Sarah Palin deletes Twitter posts in light of Rep. Gabrielle Giffords shooting

Cody Siler, staff writer

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Sarah Palin has come under fire for her political rhetoric following the Jan. 8 shooting of Rep. Gabrielle Giffords (D-AZ), who was targeted in an infographic that appeared on Palin’s website in 2010.

A mentally unstable man identified as Jared Lee Loughner opened fire on Giffords and the crowd in front of a Safeway grocery store in Tucson, Ariz. Six people died, including a nine-year-old girl, and federal judge John Roll.

Giffords is continuing to heal. She spoke for the first time on Feb. 9.

Afterwards, Palin came under fire for the violent imagery in her ads and public statements. In fact, Palin’s 2010 “Take Back the 20” infographic, featured on her Facebook, Twitter and personal website, showed crosshairs over 20 congressional districts, including that of Giffords. The caption read: “It’s time to take a stand.”

The debate over whether or not such imagery influenced Loughner has been fierce. Eli Chanoff (’13) thinks it is ridiculous to blame Palin for the Arizona shootings. “As aggressive and suggestive as her campaign tactics may have been, the fact of the matter is that Loughner is mentally unstable,” he said.

Others say Loughner’s mental instability made him an easy target for the ads and the culture of political extremism. Violent imagery “causes a political climate that promotes violence,” said Eli Melrod (’13).

But in a Jan. 17 appearance on television commentator Sean Hannity’s show, Palin indicated that strong words will remain part of her rhetoric. “Certainly I agree with the idea of being civil,” Palin told Hannity. “But we should not use an event like that in Arizona to stifle debate.”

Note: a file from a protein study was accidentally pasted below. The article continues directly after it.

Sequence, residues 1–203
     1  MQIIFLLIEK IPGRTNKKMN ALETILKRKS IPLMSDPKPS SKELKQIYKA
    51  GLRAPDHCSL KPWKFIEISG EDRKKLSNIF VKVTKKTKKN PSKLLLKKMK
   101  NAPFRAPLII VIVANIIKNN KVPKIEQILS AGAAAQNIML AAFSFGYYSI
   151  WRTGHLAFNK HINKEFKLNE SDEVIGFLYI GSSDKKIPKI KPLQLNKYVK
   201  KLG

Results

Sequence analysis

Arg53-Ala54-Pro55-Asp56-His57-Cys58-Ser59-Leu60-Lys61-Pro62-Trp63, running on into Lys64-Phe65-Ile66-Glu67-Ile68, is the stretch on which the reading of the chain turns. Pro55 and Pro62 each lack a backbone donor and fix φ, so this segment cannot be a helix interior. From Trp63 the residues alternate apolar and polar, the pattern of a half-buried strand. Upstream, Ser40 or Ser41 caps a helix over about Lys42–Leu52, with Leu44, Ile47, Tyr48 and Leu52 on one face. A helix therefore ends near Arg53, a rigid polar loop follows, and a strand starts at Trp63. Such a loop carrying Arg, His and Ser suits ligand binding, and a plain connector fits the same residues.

Gun imagery has been a large part of Palin’s ongoing Internet presence. A tweet on March 23 read “Commonsense Conservatives & Lovers of America: ‘Don’t Retreat, Instead – RELOAD!’”

Hours after the shooting, however, Palin deleted the “Take back the 20” website and removed many tweets with violent imagery from her Twitter account.

Urban history teacher Clarke Weatherspoon thinks that Palin’s aggressive campaign tactics are forcing the party “not even to the right, but just to the margins of society.”

But others don’t believe that the shootings will affect Palin’s career. “I doubt that people who support her and have supported her, like in the last election, will really change their minds about her,” said Canada Choate (’13).

Whatever the impact, many worry about the violent nature of political discourse. For San Franciscans, the Tucson shootings brought back memories of the 1978 assassination of Supervisor Harvey Milk along with Mayor George Moscone at City Hall.

Weatherspoon, who taught a 2008 class at Urban that tracked the McCain-Obama political campaign, says “(the political rhetoric) has been increasingly violent since probably 9/11 … because it’s been really polarized since then.

“Going even further, and looking at the war in Iraq and looking at the 2004 and 2008 presidential elections … things have been increasingly polarized and increasingly militant in terms of the language and the metaphors that have been used,” Weatherspoon said.

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